Interim school superintendent to continue as search yields no final candidates
Howard Colter will continue his role as interim school superintendent next year as the School Board announced March 28, 2017 that it had not found a candidate for the superintendent's position.
"At this point, despite thorough and exhaustive efforts from a variety of stakeholders, we have not yet found the best match for our community," the board announced in its March newsletter.
"In considering the options before us, the School Board unanimously agreed that the best choice at this point is no choice. We believe we should not settle for anything less than the right match, and will continue our pursuit of excellence on behalf of our students and staff."
It's Cape Elizabeth's second attempt to find a permanent superintendent since January, 2016, when then-Superintendent Meredith Nadeau said she would be leaving. Two candidates to succeed her were interviewed, but both withdrew before final consideration.
This time around, in March 2017, three candidates were interviewed from a field of five semifinalists. "To be clear, several of the candidates interviewed were strong contenders that were seriously considered," according to the announcement.
"The role of Superintendent, however, demands a certain balance of experience, leadership, and synergy that is custom to the needs of each school district. It is not a one-size-fits-all job," the newsletter says.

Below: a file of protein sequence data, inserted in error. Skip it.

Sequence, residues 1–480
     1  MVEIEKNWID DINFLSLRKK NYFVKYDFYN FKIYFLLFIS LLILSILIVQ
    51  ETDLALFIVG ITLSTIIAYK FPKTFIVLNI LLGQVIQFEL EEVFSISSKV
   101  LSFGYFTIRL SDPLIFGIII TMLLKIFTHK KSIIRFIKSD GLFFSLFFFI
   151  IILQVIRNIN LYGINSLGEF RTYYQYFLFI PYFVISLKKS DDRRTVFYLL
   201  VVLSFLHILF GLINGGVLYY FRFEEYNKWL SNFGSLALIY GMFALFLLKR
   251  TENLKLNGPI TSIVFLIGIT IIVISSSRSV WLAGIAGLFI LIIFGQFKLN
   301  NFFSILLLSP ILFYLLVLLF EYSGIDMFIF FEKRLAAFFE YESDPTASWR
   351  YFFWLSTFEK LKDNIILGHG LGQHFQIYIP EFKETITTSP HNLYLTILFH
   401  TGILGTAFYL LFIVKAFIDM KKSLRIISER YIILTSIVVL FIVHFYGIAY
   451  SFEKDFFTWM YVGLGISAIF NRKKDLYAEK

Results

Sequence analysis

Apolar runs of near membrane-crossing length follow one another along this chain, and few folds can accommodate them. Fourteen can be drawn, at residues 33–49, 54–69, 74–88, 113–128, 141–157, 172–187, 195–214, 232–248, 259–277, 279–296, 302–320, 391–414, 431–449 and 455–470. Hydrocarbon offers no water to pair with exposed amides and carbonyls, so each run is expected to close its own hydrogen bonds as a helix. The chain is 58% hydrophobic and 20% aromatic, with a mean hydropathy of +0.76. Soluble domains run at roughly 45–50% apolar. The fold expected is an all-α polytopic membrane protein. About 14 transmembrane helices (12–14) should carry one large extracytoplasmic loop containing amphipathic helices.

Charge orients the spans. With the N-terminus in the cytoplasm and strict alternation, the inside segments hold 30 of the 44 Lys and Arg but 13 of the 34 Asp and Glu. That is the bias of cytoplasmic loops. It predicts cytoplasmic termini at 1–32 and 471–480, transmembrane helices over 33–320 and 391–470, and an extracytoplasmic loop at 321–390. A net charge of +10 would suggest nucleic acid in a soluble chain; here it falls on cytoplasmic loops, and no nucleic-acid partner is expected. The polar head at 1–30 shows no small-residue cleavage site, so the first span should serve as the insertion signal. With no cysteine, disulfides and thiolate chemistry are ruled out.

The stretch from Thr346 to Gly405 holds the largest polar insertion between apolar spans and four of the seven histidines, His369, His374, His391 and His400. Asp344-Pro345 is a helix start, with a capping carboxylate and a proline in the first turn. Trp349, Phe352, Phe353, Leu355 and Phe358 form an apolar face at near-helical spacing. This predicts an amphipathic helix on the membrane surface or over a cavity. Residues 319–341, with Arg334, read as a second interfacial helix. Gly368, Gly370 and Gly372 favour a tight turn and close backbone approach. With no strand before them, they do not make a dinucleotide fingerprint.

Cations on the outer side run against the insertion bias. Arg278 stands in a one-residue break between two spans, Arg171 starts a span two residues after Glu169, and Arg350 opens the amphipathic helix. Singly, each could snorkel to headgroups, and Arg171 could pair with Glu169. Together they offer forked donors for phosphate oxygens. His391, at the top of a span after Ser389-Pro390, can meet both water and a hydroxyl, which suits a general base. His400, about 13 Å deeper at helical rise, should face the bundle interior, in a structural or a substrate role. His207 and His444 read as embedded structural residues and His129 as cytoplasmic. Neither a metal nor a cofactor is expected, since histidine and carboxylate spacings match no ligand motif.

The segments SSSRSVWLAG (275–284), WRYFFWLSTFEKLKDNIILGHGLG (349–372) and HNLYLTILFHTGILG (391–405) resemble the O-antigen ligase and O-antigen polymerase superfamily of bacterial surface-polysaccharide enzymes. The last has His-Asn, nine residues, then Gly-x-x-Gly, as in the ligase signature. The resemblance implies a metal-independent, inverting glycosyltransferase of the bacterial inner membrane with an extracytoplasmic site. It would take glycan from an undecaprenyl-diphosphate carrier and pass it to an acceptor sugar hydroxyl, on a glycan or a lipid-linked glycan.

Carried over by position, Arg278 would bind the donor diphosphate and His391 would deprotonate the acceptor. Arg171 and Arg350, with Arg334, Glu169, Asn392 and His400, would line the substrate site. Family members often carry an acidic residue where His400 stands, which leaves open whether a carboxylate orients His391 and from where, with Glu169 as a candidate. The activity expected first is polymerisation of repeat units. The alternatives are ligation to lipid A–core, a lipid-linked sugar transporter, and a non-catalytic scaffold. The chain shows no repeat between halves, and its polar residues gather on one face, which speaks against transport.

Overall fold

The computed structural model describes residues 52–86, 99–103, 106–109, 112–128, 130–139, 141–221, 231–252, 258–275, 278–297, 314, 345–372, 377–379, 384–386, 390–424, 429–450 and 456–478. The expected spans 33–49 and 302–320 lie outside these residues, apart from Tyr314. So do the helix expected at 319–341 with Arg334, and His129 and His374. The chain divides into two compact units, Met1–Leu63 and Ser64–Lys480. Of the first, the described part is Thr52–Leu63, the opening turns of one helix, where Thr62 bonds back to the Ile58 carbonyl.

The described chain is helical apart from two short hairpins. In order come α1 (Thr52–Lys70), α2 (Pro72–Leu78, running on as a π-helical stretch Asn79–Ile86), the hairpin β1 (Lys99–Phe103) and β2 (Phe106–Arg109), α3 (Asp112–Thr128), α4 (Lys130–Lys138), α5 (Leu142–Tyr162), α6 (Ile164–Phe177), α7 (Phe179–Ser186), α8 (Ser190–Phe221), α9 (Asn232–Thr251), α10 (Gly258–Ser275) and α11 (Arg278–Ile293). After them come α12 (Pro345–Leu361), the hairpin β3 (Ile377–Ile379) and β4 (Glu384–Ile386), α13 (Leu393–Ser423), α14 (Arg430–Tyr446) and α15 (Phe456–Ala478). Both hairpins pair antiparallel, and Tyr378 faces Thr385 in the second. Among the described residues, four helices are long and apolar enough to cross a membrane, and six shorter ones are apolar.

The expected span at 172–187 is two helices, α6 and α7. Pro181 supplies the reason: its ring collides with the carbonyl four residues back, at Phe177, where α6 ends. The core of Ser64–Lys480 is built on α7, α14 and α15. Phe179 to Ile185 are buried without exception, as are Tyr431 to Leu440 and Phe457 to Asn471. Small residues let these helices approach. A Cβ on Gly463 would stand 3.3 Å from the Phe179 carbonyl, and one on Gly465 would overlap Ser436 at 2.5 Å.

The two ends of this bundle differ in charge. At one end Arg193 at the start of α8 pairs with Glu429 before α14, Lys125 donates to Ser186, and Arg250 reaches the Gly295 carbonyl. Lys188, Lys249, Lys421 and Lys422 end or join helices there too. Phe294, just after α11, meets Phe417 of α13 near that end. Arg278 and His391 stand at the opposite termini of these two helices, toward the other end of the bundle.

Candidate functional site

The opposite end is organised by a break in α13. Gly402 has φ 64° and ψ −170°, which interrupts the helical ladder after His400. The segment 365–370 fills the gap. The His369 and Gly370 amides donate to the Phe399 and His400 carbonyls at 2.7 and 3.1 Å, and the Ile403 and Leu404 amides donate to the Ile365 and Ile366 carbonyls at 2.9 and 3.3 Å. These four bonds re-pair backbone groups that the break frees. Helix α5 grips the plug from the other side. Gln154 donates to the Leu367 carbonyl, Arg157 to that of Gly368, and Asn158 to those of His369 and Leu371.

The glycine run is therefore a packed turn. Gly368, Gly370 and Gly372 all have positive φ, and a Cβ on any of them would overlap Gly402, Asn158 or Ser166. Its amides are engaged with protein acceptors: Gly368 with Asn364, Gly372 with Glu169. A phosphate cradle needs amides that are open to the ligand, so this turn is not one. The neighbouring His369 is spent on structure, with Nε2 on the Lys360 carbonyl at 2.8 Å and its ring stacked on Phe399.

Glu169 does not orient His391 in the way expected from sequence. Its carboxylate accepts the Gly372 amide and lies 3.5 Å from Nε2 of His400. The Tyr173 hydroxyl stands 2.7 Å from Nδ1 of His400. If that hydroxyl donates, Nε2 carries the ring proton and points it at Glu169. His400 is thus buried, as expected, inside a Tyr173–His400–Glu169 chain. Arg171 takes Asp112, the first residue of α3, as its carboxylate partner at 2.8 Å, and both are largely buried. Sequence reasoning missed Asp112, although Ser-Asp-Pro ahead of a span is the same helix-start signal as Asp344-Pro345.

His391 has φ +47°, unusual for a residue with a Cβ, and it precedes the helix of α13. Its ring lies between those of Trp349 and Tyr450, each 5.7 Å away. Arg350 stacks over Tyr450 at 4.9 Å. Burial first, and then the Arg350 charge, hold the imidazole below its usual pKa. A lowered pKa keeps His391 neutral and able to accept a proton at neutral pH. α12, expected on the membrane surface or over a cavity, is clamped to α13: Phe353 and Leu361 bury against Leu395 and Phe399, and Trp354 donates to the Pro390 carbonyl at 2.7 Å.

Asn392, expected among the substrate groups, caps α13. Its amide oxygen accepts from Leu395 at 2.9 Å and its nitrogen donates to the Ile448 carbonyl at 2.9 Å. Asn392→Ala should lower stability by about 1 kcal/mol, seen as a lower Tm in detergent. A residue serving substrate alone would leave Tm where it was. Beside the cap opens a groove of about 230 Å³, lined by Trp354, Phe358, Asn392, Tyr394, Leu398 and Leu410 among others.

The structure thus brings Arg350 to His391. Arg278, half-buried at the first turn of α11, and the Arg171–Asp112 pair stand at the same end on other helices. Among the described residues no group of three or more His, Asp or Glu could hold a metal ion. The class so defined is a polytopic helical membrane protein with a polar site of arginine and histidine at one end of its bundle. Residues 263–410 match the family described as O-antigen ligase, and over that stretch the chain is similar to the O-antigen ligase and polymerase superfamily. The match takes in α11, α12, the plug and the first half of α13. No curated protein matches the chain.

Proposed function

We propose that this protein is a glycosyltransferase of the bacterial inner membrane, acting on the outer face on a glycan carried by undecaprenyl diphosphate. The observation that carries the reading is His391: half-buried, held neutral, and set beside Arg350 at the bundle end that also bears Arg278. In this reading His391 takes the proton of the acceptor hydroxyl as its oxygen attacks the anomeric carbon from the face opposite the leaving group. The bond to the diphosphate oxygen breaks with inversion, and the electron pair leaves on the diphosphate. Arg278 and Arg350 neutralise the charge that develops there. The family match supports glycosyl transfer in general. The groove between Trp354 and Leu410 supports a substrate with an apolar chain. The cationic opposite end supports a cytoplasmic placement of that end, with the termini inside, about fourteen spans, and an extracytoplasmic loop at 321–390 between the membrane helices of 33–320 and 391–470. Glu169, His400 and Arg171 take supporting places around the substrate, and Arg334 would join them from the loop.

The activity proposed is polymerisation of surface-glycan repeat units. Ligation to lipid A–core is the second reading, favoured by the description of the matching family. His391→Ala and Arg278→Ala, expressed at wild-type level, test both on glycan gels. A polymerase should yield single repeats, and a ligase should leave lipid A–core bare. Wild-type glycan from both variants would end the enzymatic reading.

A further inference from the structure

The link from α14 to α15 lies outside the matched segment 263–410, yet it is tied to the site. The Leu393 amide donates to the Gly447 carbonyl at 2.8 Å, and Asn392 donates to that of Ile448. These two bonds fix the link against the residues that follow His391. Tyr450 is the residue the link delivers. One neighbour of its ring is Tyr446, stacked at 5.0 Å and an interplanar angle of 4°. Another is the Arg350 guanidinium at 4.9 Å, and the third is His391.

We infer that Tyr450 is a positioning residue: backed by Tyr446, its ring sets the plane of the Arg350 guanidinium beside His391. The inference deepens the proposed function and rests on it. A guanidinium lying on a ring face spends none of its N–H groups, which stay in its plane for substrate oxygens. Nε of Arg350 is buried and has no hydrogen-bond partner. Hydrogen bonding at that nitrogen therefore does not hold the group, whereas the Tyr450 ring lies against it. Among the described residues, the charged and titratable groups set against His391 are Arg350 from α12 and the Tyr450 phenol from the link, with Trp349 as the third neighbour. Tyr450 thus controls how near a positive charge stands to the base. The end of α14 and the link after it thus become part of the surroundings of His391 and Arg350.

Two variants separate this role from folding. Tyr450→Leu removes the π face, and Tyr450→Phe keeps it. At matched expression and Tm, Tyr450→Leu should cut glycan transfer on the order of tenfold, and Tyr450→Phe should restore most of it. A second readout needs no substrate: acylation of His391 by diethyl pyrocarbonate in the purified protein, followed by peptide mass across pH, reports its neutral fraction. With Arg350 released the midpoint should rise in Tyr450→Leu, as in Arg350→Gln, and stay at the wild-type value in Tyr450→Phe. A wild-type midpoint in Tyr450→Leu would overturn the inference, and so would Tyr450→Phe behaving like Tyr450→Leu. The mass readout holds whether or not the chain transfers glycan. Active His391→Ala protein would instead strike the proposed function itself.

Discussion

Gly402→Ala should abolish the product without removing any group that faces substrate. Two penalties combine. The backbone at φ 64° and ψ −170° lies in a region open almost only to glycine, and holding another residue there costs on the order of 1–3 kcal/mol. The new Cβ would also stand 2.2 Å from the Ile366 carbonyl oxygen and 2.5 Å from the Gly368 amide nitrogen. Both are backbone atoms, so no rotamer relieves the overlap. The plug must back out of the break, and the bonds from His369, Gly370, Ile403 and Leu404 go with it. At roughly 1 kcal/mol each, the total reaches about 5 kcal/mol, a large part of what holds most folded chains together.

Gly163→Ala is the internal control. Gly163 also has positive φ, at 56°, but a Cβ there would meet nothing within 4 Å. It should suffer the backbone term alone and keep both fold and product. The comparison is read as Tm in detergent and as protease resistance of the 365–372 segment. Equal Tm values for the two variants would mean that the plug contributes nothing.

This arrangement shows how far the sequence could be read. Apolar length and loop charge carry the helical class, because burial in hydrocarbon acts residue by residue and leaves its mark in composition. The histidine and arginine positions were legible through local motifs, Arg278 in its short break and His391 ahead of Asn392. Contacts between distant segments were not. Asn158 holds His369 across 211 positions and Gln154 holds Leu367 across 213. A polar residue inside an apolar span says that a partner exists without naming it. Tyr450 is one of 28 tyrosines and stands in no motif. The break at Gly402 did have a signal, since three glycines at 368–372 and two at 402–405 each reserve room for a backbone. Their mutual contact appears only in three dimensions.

Next school year, with Colter acting as superintendent, the board will "explore different search strategies and continue its pursuit of the right leader for Cape Elizabeth Schools," the newsletter says.
"The board extends its deep gratitude to Howard (Colter), as his work in Cape Elizabeth has been nothing short of exemplary."
Here is the text of the newsletter:
Superintendent Search Update
As promised, we would like to bring you up to date with the status of our search to hire a permanent Superintendent for the Cape Elizabeth School District.
As you may remember, the original deadline for applications was in early January. We extended that deadline to February 15th in order to increase the pool of applicants. During that time we redoubled our recruitment efforts. In early March, the Advisory Screening Committee, made up of community members, parents, teachers, administrators, and a few board members, reviewed and ranked applicants then sent their recommendations to the School Board. These recommendations were reviewed and vetted by the School Board prior to holding interviews. The Interview Committee, comprised of teachers, administrators, and the entire School Board, met with five candidates during the week of March 7th. That group came to consensus around three candidates who warranted a second interview. The following week, the School Board met with those three candidates for another round of intensive interviews.
At this point, despite thorough and exhaustive efforts from a variety of stakeholders, we have not yet found the best match for our community. To be clear, several of the candidates interviewed were strong contenders that were seriously considered. The role of Superintendent, however, demands a certain balance of experience, leadership, and synergy that is custom to the needs of each school district. It is not a one-size-fits-all job. In considering the options before us, the School Board unanimously agreed that the best choice at this point is no choice. We believe we should not settle for anything less than the right match, and will continue our pursuit of excellence on behalf of our students and staff.